Why synthetic authenticity is honest fakery
If it felt impossible to avoid influencer marketing in 2018, you might want to prepare yourself. Both momentum and backlash will continue to build as we move further into 2019; more brands working with influencer talent on one hand, more scandals and fakeries hitting the headlines on the other.
One interesting development to keep tabs on when it comes to influencer marketing is the creation of the synthetic influencer, a trend We Are Social covered in our 2019 Think Forward report.
Take Miquela Sousa – or Lil Miquela as she’s known to her 1.5 million Instagram followers. She might appear like your run-of-the-mill millennial influencer. She ticks all the right boxes. She’s edgy, fashion-conscious – she’s even released her own single. She is, however, completely fake. A digitised fiction, the brainchild of an artist whose anonymity leaves his or her motivations unclear.
Miquela and her synthetic ‘peers’ are perhaps the natural progression of online personas, an avatar writ large – albeit an entirely lifelike one – who’s sat upon a social media empire. This poses a very real question for brands. If consumers back Miquela, then does fakeness even matter? And what does this mean for authenticity – almost certainly one of the most commonly quoted (buzz)words by marketers over the last year?
The novelty – or perhaps the statement – of working with a digital fake has still been irresistible to many brands. Miquela has appeared on the cover of street culture magazine Highsnobiety and modelled for Prada, while Shudu, dubbed the ‘digital supermodel’, has strutted 3D fashion shoots and worn Balmain. While there have been instances when all hasn’t been rosy (witness the backlash to Rihanna’s Fenty Beauty), in general, these brands have enjoyed dipping their toes into the innovative unknown – and benefited from the press headlines that came with it.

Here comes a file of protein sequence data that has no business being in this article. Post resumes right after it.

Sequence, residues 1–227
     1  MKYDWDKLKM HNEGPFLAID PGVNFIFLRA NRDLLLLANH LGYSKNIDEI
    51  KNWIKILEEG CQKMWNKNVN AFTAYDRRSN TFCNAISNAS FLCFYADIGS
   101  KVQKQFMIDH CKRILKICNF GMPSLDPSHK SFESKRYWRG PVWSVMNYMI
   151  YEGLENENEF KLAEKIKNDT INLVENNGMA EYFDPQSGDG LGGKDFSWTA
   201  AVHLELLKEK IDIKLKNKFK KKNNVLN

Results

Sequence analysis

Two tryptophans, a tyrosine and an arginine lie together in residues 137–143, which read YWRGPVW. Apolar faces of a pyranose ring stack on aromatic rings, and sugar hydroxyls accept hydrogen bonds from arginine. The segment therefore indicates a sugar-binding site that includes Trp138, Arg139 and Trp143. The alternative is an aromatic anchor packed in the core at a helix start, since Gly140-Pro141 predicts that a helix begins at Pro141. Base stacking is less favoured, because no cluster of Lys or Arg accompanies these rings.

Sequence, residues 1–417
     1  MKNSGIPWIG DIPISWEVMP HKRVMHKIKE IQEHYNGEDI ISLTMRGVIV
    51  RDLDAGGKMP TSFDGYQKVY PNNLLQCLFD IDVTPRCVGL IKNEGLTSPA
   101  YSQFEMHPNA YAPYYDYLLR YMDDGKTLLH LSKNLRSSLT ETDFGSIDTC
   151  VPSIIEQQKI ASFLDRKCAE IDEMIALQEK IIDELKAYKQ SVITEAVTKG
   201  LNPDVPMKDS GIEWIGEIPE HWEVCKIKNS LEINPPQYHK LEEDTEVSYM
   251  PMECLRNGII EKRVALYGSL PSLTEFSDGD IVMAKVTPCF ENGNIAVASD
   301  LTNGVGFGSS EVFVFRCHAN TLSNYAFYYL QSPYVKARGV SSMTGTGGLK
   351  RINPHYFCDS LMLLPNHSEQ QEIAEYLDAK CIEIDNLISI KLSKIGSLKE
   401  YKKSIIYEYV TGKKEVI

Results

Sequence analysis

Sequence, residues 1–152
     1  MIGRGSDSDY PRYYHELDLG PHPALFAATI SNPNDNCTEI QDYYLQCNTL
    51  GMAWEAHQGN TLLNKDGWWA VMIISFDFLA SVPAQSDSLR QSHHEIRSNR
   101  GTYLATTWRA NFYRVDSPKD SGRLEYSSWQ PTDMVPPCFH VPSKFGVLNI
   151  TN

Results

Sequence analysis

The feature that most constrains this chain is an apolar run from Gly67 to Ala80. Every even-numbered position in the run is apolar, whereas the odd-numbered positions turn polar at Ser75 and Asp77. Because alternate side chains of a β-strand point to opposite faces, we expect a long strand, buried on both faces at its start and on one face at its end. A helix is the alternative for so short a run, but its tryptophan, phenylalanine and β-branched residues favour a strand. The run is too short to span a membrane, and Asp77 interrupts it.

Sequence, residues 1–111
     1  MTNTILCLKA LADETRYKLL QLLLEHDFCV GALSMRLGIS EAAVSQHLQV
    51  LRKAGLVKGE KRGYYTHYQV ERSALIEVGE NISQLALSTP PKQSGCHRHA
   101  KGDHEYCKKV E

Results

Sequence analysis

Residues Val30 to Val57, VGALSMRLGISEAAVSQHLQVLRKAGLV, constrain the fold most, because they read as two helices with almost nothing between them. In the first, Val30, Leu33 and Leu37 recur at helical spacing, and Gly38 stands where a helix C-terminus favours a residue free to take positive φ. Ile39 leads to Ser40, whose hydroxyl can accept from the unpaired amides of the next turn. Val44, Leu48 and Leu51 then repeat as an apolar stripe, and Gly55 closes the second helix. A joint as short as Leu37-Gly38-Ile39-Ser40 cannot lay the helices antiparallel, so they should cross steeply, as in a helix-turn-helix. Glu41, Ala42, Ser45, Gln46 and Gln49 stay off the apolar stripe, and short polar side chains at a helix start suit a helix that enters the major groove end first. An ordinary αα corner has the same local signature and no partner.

Shudu, the first ‘digital supermodel’
I see synthetic authenticity as honest fakery. We know from the negative responses to some influencer advertising that people are fed up of overly contrived stories purporting to be ‘real’ content. Compared to Listerine’s incongruous product placement in Scarlett London’s bedroom, obvious fakery can feel almost refreshing. Brands need to be honest in their intentions. Being deliberately fake, and indeed owning it, speaks to avatar culture and will have a better response than inauthentically trying to make the impossible look real.
If 2018 saw a small handful of high profile synthetic influencers spring to life on screen, expect to see the trend pick up momentum in 2019. Synthetic micro-influencers, more fictional characters brought to life on social, more activities straying out of the fashion world and into the mainstream.
“Fake talent can be easier to work with and control output for.”
It’s not bad news for brands. Fake talent can be easier to work with (in as far as their creators are) and control output for. But the legal and moral lines upon which virtual influencer marketing teeters are still being drawn. Until its use becomes commonplace there will surely be pitfalls on either side, so brands need to be as clued up as possible when considering their involvement. Knowing who’s behind the influencer should be priority one; that person needs to reflect your brand values as much as, if not more so than their creation, after all they’re the ones in the driving seat.
The learning for brands here is not necessarily one of fake versus real – it’s apparent that, done properly, both are fine – but rather one of intentions. Go out with the intention of duping consumers and suffer the consequences. Give them deliberate fakery that reflects avatar culture, and you might just come across all the more real for it.